The first night of the IMB/NAMB Send Conference began with a time of worship in song led by Michael W. Smith singing some of his best known songs. He then introduced secret guest CeCe Winans whose voice and gospel singing is beyond compare. My favorite was Ms. Winans leading us in the Andraé Crouch standard, “Jesus is still the Answer.”
After worship Kevin Ezell (NAMB), Paul Chitwood (IMB) came to the stage and joined Michael W. Smith for some casual repartee. They spent a few minutes discussing Smith’s new book while the crew cleared the stage to prepare for the evening’s guest speaker.
The invited preacher for the first night of the Send conference was Dr. Tony Evans, the pastor of the Oak Cliff Bible Fellowship in Dallas Texas. He preached a masterful sermon beginning with football game as a metaphor for life. He spoke of two teams on the field involved in chaos and conflict noting that the referees, using the authority of the NFL rulebook, were to regulate the game. (The referee was a metaphor for the christian.) He pointed out that problems would arise if the referees donned the uniforms of the opposing teams, because in doing they would lose their NFL “kingdom” authority on the field of battle.
After establishing his metaphor Dr. Evans moved on to the great commission of Matthew 28. He focused on going, baptizing, and making disciples. He remarked that the great commission the first “send” meeting. We must go and reach people. Then we must baptize those whom we have reached because they are saved, but also to “change their identity.” (His expression not mine.) He said, “In other words, your primary point of reference has shifted. You do not lose your individual uniqueness (Men don’t become women and women don’t become men. Whites don’t become black, and blacks don’t become white.) but you do assume a new primary identity"-Christian. He continued further telling us that we have a race problem because far too many Christians are more white or black than they are Christian.
Dr. Evans chastised us for allowing ourselves to get sucked up by the culture spending more time discussing cultural dynamics than we do declaring biblical authority. Our division is because of the church’s rebellion against the kingdom ... the referees have put on the jerseys of the competing teams. No, he declared, “We should never allow the politics of men to break up our together.”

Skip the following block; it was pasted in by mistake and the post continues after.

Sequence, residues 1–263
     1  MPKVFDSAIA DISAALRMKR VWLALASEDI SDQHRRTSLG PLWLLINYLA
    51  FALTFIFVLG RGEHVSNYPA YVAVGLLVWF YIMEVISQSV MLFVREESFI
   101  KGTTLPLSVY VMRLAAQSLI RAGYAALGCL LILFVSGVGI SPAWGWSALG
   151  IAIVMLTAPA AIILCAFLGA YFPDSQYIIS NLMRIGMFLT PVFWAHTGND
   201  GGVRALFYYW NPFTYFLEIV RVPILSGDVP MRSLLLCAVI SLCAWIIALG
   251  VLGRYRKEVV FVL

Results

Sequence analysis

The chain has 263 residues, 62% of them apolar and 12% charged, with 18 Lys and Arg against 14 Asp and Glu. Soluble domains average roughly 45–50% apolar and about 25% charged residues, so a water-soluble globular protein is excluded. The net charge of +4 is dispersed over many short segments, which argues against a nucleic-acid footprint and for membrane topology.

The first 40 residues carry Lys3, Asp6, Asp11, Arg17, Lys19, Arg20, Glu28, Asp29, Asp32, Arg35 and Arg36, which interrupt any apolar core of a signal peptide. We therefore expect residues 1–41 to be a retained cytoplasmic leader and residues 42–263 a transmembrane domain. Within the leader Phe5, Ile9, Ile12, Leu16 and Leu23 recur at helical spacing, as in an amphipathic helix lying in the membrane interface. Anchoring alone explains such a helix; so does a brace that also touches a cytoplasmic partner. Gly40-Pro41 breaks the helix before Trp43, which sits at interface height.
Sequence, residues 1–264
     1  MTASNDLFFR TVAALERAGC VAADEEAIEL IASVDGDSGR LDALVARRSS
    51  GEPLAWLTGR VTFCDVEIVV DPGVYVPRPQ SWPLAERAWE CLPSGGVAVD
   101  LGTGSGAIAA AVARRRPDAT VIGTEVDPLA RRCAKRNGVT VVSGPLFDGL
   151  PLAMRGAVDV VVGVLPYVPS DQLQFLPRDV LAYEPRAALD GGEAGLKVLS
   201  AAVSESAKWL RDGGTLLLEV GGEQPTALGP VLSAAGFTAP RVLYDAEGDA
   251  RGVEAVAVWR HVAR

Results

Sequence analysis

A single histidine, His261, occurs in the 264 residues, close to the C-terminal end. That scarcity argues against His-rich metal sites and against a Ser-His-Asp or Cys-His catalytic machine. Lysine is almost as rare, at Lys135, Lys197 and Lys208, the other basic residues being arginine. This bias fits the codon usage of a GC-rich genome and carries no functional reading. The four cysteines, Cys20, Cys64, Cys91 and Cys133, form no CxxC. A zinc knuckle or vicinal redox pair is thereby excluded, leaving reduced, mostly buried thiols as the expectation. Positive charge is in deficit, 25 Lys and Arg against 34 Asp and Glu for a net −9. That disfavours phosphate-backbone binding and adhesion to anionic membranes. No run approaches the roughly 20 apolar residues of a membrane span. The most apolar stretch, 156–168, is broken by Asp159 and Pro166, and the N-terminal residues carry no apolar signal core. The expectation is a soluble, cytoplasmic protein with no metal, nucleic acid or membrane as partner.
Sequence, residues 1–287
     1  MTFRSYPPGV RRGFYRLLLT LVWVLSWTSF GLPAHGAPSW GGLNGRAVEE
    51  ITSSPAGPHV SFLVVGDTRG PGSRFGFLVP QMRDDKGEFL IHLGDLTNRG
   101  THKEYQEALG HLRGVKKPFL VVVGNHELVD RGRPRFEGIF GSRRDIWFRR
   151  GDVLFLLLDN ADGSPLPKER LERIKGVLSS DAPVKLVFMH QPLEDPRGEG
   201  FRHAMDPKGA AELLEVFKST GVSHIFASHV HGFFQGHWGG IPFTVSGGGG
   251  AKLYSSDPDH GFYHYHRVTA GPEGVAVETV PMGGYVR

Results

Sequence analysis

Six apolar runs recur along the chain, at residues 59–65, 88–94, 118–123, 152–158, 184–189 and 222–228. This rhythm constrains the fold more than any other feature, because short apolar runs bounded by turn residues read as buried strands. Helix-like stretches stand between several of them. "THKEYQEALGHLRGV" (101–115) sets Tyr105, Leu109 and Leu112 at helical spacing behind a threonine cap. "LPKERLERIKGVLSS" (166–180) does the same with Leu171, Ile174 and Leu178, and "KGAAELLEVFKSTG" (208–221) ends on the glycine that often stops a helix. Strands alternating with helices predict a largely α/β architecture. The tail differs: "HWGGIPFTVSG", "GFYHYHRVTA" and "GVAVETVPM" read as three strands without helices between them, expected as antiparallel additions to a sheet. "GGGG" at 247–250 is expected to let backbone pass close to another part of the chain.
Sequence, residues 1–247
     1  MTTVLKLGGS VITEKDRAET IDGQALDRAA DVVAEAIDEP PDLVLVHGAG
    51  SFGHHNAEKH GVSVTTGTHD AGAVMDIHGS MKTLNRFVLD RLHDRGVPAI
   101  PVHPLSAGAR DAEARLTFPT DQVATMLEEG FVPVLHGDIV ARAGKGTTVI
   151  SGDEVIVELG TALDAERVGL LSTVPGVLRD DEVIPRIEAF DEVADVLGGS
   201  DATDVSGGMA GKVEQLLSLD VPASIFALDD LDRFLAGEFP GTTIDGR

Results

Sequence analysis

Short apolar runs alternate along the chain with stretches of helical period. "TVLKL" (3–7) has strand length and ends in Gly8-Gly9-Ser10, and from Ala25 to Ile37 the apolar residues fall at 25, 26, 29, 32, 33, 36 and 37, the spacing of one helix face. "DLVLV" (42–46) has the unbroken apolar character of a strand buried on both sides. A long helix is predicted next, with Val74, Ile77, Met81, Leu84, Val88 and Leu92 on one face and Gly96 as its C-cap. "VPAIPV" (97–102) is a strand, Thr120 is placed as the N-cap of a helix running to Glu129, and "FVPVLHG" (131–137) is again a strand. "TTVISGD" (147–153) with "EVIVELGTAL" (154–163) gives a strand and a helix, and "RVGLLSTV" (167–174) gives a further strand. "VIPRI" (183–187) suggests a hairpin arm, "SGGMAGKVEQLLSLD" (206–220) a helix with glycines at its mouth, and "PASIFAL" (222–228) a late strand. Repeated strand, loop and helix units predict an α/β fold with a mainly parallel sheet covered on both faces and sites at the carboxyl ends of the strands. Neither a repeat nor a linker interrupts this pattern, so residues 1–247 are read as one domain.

Finally, he told us that we are to teach these baptized disciples to observe, not just know. Yes, the Word of God is inerrant, but it is not primarily for information, it is for transformation. The reason 1 percent of society can change the definition of marriage in America while there are tens of thousands of churches all across the land, is because they are unified, and we are not.
There was one humorous moment when someone from the floor shouted, “Tony Evans for SBC President!” Without missing a beat Pastor Evans responded, “I thought lynching was over.” You have to admire that kind of wisdom and quick wit.
In closing, Dr. Evans spoke of the tragedy of 9/11, a day of infamy. He reminded us that this one act of terrorism changed the world and how we travel and move from place to place forever—it brought our nation to its knees. He then asked this question, “If 19 men in the name of the wrong god can do that, what do you think the SBC can do in the name of the true God when we are fully committed to our cause.” He left us with a rousing charge, Now is the time for us to take our stand for the risen Christ with love but also without apology!
After the message Ezell and Chitwood engaged in what some might call cringeworthy banter about NAMB and IMB “swag” while the crew set up the stage for Crowder. Fortunately, this segment wasn’t very long.
Crowder took to the stage with the adrenalin of a teenager, apologizing twice for the aggressive beginning—but it was all good. Finally, the night closed with Crowder leading the great "choir" (as he called it) in, “All my hope is in Jesus.”
It was an encouraging night all around but the highlight was most definitely Dr. Evan’s sermon.